So I started thinking pragmatically about this journalist/writer conundrum. It can’t be so simple that newspapers/serious stuff make you a journalist and magazine/lifestyle stuff makes you a writer. What about people who work on websites, like Digital Spy? If their music editor announces that Coldplay will be opening an envelope for charity or that Adele was caught buying a candle, is that journalism? The site is, after all, entertainment news…

Or live-blogging, chronicling the opening of an envelope or the engaging story of Adele buying a candle. What does that count as? I think it’s reporting. Though if you’re watching Rupert Murdoch get grilled on the telly and you’re typing something hilarious into Twitter, maybe not.

I can’t be the only one suffering an identity crisis (of my variety, I’m not interested in gender confusion here). Since the original pastiche of reporters – white shirt, braces, shouting atpress conferences and getting pictures of Spiderman – has been so diluted by digital content, magazine work, social media, publications like Project (the iPad magazine) and Blokely (my current place of work; an online magazine behind a subscription service), it’s understandable that people are confused.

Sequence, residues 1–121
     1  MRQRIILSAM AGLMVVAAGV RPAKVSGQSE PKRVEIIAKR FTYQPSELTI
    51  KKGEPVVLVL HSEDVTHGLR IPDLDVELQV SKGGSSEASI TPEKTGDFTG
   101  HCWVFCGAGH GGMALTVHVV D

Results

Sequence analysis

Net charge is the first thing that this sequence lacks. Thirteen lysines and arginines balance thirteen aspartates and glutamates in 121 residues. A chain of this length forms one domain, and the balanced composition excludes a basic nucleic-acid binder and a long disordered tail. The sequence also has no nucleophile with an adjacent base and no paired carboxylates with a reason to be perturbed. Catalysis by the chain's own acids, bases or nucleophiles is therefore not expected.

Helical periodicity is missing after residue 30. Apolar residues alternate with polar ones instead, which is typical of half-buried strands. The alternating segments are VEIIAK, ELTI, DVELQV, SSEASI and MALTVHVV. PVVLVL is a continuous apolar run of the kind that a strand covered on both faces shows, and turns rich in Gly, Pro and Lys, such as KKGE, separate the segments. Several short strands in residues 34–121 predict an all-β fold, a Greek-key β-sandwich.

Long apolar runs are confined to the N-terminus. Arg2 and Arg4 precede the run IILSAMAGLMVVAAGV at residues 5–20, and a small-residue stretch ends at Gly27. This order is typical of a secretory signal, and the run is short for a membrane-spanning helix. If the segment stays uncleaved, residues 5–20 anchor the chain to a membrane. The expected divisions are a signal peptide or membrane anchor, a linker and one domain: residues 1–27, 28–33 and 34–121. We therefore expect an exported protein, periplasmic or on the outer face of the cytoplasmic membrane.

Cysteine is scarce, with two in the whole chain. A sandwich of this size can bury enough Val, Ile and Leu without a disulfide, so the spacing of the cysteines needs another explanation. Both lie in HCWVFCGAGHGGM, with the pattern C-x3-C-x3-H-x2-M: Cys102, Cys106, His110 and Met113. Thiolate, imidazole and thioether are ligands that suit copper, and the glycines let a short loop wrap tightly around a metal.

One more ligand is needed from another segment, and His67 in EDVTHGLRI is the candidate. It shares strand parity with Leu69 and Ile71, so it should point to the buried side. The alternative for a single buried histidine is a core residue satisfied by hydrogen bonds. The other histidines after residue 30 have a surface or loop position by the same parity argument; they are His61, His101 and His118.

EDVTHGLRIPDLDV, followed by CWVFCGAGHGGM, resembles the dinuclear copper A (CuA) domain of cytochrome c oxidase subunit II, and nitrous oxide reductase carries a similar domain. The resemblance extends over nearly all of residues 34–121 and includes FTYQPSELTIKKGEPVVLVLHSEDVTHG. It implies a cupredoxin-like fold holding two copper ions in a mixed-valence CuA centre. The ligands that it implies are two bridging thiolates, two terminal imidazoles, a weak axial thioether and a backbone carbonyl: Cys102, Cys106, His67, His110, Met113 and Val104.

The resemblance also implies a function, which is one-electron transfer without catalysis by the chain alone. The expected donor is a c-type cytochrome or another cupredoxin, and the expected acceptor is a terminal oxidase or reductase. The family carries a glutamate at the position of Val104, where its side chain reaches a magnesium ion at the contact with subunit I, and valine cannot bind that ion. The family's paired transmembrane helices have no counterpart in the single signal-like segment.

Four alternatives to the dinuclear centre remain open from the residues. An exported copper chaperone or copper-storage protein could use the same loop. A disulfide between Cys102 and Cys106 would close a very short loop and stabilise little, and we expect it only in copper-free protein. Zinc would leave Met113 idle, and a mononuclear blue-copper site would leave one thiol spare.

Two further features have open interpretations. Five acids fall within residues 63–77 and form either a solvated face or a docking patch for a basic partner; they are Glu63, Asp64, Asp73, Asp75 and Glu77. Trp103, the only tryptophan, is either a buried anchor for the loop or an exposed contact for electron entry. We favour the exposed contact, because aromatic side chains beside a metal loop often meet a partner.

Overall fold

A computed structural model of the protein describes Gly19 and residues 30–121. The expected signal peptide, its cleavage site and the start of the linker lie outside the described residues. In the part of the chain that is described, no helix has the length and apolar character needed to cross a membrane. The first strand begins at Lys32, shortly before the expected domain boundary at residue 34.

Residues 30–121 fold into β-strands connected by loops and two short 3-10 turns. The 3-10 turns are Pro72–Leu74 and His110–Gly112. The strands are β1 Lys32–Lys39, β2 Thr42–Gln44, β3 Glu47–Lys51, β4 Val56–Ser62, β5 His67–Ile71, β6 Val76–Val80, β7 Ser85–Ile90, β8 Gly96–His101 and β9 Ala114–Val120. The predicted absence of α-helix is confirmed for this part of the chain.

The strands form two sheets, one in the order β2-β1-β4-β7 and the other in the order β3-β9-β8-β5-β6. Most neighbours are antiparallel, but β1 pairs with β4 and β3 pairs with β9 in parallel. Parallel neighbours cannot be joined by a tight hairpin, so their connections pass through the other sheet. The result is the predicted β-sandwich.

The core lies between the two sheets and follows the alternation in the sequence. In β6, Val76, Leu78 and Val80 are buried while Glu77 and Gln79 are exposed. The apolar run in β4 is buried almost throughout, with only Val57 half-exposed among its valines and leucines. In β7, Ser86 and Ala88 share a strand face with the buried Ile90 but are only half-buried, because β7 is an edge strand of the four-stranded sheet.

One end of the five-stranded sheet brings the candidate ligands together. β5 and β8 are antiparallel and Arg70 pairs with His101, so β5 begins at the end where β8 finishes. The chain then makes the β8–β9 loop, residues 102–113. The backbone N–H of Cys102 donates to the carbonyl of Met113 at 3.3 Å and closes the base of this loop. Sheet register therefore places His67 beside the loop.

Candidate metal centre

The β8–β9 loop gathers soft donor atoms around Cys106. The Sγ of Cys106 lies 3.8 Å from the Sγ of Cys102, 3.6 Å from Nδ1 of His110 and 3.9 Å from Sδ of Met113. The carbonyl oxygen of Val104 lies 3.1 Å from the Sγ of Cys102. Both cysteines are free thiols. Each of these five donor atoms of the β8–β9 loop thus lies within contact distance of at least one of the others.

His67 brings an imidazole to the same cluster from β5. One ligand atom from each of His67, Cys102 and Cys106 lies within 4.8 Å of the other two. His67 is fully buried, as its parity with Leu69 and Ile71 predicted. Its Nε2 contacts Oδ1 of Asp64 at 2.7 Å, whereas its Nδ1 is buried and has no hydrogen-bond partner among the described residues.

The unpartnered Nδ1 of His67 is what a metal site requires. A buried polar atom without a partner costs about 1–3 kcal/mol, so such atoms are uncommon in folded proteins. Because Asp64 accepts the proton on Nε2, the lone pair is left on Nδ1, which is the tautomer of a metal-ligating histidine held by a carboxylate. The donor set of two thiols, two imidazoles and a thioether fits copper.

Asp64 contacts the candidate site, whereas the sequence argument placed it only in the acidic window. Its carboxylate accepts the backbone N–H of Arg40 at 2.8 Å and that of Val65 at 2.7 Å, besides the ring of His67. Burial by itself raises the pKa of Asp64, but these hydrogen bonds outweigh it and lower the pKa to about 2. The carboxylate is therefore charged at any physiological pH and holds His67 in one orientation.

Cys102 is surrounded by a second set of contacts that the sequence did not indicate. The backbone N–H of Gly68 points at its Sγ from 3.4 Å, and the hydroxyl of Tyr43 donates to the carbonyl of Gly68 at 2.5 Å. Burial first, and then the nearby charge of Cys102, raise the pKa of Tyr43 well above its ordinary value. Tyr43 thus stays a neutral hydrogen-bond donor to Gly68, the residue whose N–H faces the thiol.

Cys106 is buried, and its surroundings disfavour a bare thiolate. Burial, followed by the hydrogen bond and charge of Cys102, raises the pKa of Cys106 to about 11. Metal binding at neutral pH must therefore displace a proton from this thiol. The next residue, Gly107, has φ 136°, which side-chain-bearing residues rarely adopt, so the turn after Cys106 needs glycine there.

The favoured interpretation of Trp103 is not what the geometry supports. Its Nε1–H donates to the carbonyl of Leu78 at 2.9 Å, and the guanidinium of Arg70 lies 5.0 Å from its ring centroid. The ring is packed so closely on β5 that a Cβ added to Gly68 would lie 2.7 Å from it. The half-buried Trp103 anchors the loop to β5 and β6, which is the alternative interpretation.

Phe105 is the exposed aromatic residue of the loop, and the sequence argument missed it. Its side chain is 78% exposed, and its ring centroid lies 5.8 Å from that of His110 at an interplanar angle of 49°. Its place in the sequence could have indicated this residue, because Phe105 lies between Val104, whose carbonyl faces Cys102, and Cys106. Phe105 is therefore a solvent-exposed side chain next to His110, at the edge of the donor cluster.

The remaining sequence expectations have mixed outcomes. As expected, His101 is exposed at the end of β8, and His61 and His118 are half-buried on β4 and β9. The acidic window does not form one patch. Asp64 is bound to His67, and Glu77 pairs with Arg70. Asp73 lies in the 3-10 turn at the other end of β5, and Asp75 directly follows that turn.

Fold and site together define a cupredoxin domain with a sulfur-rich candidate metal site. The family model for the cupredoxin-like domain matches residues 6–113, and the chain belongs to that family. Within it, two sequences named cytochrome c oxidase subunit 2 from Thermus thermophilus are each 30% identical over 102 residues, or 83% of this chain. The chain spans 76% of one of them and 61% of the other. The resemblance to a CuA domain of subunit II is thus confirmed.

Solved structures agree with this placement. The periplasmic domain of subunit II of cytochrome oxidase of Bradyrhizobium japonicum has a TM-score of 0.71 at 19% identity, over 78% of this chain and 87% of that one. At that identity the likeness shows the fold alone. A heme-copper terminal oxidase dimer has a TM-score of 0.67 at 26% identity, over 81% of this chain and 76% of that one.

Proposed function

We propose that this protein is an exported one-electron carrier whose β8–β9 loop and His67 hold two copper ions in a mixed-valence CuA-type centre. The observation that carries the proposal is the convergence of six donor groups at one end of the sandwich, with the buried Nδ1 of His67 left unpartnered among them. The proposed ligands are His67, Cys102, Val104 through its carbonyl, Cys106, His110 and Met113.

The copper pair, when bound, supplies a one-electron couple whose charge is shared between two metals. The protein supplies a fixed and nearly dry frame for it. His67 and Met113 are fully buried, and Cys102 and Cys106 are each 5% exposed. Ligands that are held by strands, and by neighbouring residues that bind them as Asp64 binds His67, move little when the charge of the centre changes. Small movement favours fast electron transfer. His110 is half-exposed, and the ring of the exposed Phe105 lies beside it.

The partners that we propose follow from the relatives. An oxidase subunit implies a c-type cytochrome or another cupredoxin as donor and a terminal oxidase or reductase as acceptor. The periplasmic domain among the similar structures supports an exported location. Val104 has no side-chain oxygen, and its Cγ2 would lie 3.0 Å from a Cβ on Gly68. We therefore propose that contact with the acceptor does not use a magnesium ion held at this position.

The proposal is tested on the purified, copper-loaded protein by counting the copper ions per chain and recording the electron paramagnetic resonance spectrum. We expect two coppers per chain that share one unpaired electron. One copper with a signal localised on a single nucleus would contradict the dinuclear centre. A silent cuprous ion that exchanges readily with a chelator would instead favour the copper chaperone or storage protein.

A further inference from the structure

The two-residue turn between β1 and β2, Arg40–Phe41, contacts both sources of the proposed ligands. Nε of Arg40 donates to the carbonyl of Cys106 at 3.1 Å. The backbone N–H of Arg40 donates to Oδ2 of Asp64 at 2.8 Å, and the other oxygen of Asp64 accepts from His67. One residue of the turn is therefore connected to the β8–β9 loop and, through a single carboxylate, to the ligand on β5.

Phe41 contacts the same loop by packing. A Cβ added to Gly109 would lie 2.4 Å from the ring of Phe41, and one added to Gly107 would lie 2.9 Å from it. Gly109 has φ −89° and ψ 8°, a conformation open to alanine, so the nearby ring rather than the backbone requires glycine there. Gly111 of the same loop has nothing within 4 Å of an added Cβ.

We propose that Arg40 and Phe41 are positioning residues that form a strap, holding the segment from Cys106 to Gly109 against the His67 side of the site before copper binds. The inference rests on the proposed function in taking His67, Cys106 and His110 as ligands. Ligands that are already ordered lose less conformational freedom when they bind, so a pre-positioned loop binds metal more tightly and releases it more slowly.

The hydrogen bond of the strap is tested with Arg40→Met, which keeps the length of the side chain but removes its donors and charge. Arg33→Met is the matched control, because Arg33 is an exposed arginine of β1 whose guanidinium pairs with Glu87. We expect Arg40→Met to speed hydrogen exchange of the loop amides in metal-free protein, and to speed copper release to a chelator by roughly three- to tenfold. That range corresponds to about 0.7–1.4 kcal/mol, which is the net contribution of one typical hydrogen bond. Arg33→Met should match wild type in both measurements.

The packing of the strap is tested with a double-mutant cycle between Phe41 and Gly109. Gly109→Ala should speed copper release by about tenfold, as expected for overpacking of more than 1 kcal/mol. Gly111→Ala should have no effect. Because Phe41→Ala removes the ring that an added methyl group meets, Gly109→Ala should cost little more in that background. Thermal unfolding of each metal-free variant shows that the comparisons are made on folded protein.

Especially when qualifications often don’t lead people onto the paths they find themselves; you can do an NCTJ if you’d like to be a journalist, or maybe a Magazine Journalism MA if you’d like to be in magazines, but I’m sure we all know people who did one and went on to do the other.

In fact, of the crop of NCTJ students I studied with, I’d say the minority are the ones doing the straight-laced, down-the-middle presupposed notion of journalism. Others work in magazines, on features desks, they copywrite, they staple things on to other things and so on. There’s not one word to describe us all (except maybe Hacks, though that’s like calling a photographer a snapper or a Sales Assistant a shelf stacker).